Weight Management and Your Surgery – Why It Matters

We had written a blog before about the importance of being prepared for your joint replacement surgery. Going through pre-hab is just as important as rehab for many reasons. Surgery is usually the last resort of what we do trying to fix our body.

There is an important shift that occurs while we try all these non-surgical options. Some of them might work for a bit, and some do not. The only sure and known way to improve pain caused by severe arthritis is to have a joint replacement surgery. Yet it is a long journey that slows us down and keeps us less mobile.

So, what happens when we move less? You got it – weight gain, along with other issues. Excessive weight can also be a reason why a person can develop osteoarthritis of the knee – you are wearing your joints out by placing more weight and stressing out your cartilage.

Weight and Surgery Outcomes

The numbers, in this case, do not lie – each pound of weight loss offloads 5-10 pounds from the knee joint. So let us say you lose 5 pounds – your knee just got a relief by at least 25 pounds! If you are a runner (or do any other high impact activity), then the offload is 10-fold – or 50 pounds! According to this study, obese persons were over three times as likely and overweight persons were one and a half times more likely to undergo joint replacement surgery, compared to those in the acceptable weight category in 2003–04.

For hip replacement, the evidence is not as strong between obesity and the need for weight loss. However, there is a definite connection between obesity and surgical outcomes. The risks of infection and dislocation are higher. There are other complications that can occur in obese patients, such as poor wound healing, difficulty breathing, blood clots, blood loss and pulmonary embolism (blood clot in the lungs). Another issue with operating on an overweight person is low visibility for a surgeon. The veins are harder to find in order to administer IV drugs. Thus, the surgery takes longer and there is more blood loss.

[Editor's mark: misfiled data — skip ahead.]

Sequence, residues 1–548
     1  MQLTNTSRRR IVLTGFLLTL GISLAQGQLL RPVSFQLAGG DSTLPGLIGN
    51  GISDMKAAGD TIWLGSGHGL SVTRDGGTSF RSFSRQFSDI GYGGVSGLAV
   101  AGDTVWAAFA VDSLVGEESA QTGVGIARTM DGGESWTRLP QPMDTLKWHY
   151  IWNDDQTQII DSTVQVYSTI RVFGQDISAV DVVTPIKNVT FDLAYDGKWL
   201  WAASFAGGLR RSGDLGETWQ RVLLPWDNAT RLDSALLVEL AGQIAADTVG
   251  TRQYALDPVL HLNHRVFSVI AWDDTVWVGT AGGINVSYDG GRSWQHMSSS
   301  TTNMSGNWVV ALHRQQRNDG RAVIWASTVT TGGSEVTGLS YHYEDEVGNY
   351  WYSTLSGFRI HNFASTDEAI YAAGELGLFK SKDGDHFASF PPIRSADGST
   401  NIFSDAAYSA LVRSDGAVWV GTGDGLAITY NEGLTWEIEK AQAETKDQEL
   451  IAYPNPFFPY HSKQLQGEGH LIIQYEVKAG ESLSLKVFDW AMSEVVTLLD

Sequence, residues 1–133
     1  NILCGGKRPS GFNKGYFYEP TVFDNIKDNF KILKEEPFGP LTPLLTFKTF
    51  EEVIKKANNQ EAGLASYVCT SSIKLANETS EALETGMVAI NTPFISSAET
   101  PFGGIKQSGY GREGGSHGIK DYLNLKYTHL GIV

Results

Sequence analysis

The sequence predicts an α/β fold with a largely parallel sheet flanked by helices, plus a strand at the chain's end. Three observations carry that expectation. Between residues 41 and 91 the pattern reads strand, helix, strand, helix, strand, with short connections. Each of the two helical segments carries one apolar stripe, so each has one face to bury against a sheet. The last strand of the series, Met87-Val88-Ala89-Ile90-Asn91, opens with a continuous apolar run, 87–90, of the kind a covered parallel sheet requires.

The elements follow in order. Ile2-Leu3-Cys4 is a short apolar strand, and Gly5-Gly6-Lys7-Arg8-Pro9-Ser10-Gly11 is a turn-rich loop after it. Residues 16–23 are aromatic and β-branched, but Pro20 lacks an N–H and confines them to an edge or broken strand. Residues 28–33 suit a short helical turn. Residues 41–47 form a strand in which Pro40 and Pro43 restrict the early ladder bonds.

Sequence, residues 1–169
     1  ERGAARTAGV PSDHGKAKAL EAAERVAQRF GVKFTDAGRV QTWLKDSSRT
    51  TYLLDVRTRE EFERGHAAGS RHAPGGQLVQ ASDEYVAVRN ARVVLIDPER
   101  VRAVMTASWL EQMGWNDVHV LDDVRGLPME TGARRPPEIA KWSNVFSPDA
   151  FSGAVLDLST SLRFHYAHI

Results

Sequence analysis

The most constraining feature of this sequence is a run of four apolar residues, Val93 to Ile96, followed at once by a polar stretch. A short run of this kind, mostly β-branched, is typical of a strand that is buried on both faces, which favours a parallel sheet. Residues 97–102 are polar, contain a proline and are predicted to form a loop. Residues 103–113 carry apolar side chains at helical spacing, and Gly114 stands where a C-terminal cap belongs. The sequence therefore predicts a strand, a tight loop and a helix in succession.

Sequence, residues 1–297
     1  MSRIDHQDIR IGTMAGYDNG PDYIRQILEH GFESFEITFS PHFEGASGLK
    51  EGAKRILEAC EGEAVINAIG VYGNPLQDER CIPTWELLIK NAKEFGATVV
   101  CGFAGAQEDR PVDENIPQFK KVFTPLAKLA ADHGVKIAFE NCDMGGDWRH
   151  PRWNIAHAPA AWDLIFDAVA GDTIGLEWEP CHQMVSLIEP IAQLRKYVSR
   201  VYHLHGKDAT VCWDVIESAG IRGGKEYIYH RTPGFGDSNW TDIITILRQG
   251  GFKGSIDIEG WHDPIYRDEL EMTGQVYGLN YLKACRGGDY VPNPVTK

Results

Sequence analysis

Do you know your BMI?

So, are you at risk? If your BMI is greater than 30 your doctor may ask you to lose weight before scheduling the surgery. To figure out your BMI click here. In addition, if you have any secondary conditions such as hypertension or diabetes, then you are even more likely to have your surgery postponed. Weight loss can be controlled in most cases and therefore your doctor will want to reduce the risks and have you lose weight first.

In Canada, the wait list for a joint replacement can be long. The last thing you want to do is delay your surgery because of weight issues. Not only it is very discouraging, but it also keeps you away from getting better.

Try This!

So what can you do? It may sound like you are in a catch 22 here – to lose weight you need to move around, and for you to move around, well you need to have the surgery done! However, there are a couple of things to try.

First and foremost, watch what and how much you are eating. Use an app on your phone such as Lose It! or MyPlate. It will tell you how much you can eat a day to lose a certain amount. It keeps progress during the day as you enter the meals you have eaten. When selecting food, make sure you include lots of fruit and vegetables and try to stay away from pre-packaged baked goods and processed meats.

Secondly, there are some exercises you can do with limited movability. It is worth it to have a session or two with a physiotherapist. She can show you exactly what will work for you in your particular case. If your resources are limited, Youtube and Google search are a good place to start. For example, this article lists 10 must do prehab exercises.

Thirdly, moving around your house, in your backyard, walking your dog, walking in the parking lot – all counts. Using an incumbent bike is easy on your joints and keeps you in motion. Swimming is a great exercise that does not bear pressure on your joints. Join your local pool or swim in the lake or ocean during summer.

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